Turkey, a taboo word in Sisi’s coy lexicon
Whenever Egyptian President Abdel-Fattah al-Sisi refers to Turkey in his speeches, he tends to do it implicitly, and he also deliberately refers to its transgressions indirectly.
No one knows the secret behind it, especially since the dispute with Turkish President Recep Tayyip Erdoğan has reached its end. Erdoğan had on many occasions deliberately targeted the Egyptian president directly by accusing him of being a “putschist” or by attacking him on international occasions and in public, which is all part of his show to prove his presence on the scene.
In the summit meeting with Cypriot President Nikos Anastasiades and the Greek Prime Minister Kyriakos Mitsotakis in Nicosia, on Wednesday, Sisi used derogatory words to refer to Turkey without explicitly mentioning it in his speech before the summit, as if the word “Turkey” was taboo to him. His style contrasted with those of the Cypriot president and the Greek prime minister, who mentioned Turkey by name and attacked its role in stirring up tension in the region. This led to questions about Egypt’s cautious attitude and Sisi’s careful navigation in choosing his words whenever it comes to mentioning Turkey and its president, Erdoğan.
In his speech before the summit, the Egyptian president stressed the need to confront escalatory policies in the eastern Mediterranean region, and the countries that support, arm and finance terrorism, and that his country “does not exploit the issue of migrants to blackmail its European partners, as other countries do”.
In Sisi’s opinion, the summit reflected a consensus on the situation in the eastern Mediterranean, in light of the provocative policies of violating international law, threatening to resort to armed confrontation, infringing on the sovereign rights of neighbouring countries, and transferring foreign fighters to the regions in conflict.
The Cypriot president stated that Turkey has exacerbated tension, undermined regional stability, interfered in Syria and sent mercenaries to Libya and to the Nagorno-Karabakh region.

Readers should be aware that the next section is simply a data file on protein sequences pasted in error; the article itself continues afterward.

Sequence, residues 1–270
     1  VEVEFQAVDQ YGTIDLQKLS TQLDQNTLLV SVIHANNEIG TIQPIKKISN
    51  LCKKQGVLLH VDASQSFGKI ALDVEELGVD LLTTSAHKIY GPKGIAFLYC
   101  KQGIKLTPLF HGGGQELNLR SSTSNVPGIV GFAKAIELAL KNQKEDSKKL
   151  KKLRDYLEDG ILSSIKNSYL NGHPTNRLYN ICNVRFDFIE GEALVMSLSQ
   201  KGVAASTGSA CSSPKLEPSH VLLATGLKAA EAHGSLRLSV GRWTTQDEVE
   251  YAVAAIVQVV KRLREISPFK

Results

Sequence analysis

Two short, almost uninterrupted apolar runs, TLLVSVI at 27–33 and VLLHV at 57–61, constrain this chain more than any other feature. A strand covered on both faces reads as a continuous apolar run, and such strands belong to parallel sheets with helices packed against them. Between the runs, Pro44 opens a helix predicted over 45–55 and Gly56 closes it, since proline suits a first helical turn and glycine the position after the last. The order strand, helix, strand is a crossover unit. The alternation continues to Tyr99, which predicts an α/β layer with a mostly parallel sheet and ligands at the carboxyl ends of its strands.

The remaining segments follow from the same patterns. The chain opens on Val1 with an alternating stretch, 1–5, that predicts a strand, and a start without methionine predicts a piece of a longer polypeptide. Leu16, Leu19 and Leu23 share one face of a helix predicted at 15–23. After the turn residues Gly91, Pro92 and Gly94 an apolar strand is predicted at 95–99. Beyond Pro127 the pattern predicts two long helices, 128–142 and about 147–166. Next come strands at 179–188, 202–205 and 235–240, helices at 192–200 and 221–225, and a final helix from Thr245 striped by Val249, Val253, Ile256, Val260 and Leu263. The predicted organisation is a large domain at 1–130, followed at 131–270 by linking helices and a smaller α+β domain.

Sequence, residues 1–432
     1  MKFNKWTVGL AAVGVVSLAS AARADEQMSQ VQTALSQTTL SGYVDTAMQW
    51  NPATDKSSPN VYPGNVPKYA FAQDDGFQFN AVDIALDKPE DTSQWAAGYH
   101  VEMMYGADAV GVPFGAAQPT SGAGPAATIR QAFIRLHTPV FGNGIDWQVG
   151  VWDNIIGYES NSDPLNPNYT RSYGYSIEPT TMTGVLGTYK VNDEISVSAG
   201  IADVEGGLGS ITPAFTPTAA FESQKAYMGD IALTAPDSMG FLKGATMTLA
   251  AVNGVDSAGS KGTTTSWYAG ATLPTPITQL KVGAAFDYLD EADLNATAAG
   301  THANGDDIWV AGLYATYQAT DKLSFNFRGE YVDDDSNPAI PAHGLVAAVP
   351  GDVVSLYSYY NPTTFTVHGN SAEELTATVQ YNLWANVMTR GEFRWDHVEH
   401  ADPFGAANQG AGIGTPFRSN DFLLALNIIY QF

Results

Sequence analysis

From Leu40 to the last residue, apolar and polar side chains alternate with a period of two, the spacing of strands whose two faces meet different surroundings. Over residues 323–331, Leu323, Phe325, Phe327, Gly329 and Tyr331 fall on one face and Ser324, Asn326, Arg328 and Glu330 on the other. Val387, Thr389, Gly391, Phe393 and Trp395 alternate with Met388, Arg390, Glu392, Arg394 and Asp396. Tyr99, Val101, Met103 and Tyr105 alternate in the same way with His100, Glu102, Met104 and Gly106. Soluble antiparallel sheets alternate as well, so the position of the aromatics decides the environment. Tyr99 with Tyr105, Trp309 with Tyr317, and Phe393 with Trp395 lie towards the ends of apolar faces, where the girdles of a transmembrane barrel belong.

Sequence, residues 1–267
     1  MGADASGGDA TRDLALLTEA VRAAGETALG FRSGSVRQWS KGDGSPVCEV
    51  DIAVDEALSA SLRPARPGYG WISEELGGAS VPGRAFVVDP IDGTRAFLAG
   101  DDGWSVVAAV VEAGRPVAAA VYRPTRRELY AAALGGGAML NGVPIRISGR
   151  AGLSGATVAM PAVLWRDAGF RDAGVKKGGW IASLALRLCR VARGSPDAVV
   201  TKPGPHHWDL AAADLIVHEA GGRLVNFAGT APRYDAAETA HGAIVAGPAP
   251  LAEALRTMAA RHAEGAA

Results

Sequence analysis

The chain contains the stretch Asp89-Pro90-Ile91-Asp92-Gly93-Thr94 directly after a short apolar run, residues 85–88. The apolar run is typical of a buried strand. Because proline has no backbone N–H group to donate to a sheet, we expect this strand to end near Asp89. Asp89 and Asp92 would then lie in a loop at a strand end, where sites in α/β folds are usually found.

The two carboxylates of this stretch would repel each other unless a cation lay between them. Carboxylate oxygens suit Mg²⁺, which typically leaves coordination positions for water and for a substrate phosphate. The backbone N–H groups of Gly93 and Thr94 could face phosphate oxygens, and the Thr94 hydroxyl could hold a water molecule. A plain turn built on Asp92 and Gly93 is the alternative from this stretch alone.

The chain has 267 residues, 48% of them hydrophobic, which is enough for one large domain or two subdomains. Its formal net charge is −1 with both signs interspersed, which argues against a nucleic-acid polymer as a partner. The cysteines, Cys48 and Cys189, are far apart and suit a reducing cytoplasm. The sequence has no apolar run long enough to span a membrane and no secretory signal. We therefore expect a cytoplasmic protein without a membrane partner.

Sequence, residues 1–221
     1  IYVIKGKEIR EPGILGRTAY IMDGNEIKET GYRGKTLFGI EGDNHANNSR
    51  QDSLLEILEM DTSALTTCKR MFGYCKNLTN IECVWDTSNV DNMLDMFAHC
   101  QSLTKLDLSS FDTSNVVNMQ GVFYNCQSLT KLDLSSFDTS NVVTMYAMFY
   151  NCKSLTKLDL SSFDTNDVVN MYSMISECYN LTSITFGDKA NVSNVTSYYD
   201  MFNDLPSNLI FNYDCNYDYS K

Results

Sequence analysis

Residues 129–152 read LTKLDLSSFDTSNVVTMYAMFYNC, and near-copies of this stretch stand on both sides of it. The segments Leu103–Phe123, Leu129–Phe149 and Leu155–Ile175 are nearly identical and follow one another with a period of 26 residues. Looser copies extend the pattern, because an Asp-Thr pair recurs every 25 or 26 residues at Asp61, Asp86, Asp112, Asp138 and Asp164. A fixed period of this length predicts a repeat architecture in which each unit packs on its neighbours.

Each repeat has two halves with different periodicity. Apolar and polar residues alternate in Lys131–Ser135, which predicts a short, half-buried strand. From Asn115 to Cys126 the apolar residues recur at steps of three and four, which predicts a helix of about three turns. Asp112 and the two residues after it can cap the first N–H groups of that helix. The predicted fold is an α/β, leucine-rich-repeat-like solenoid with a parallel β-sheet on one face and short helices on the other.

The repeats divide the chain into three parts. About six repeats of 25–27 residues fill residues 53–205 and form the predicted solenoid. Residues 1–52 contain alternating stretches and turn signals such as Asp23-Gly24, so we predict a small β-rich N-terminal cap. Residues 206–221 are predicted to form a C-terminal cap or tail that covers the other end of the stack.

The Greek Prime Minister indicated that Ankara “is creating risks in the eastern Mediterranean, pursuing an expansionary policy that threatens the region, and continues to violate international law. Its practices led to problems within NATO, and we call on the European Union countries to stop selling arms to Turkey”.
Analysts said that Egyptian diplomacy tends to be cautious and slow and is dominated by a kind of coyness whenever it comes to Turkey. They see Cairo preferring a strategy of distribution of roles, and maintaining for itself ways of retreating from its positions on many issues. They said that this approach is not limited to Turkey, but applies to most of the countries with which Egypt has a conflict.
Egyptian media outlets have regularly launched attacks on Erdoğan and his regime, but with the intent of giving the impression that this is a media and popular option for which the official position cannot be blamed.
Former Egyptian Foreign Minister Mohamed al-Orabi explained that President Sisi’s reluctance to engage in verbal skirmishes with countries targeting Egypt, “is part of his own style that he has followed since he took office, because these countries practice political thuggery and are considered rogue states that are outside the established diplomatic rules and norms.”
Speaking to The Arab Weekly, Orabi pointed out that Egypt relies on a disciplined foreign policy and adopts long-term perspectives. The approach is compatible with Sisi’s avoidance of verbal skirmishes with countries with whom it wouldn’t be befitting for Egypt to engage in direct verbal attacks. His tack was vindicated in many sticky cases.
Regional analysts consider Cairo to be playing a blurry political and media game, and this disturbs some of its allies, especially the Gulf states, whose position on Turkey has become clear and public and have adopted political, media and popular campaigns against Erdogan’s policies.
A member of the Defence and National Security Committee of the Egyptian House of Representatives, Major General Yahya Kadwani, said, “President al-Sisi aims to put the international community before its responsibilities regarding confronting states that sponsor terrorism and which cause provocations, and this without necessarily limiting the context to a particular country, so that Egypt is not alone in shouldering the responsibility of that confrontation”.
Kadwani added to The Arab Weekly that “the states that sponsor terrorism have become obvious, and there is no disagreement now that both Qatar and Turkey are harbouring terrorists on their territories and are providing all means for the execution of hostile schemes aimed at fragmenting the Arab countries, and these states that sponsor terrorism have their own agendas for further hegemony and control in the Middle East”.
(A version of this article was originally published by the Arab Weekly and reproduced with permission.)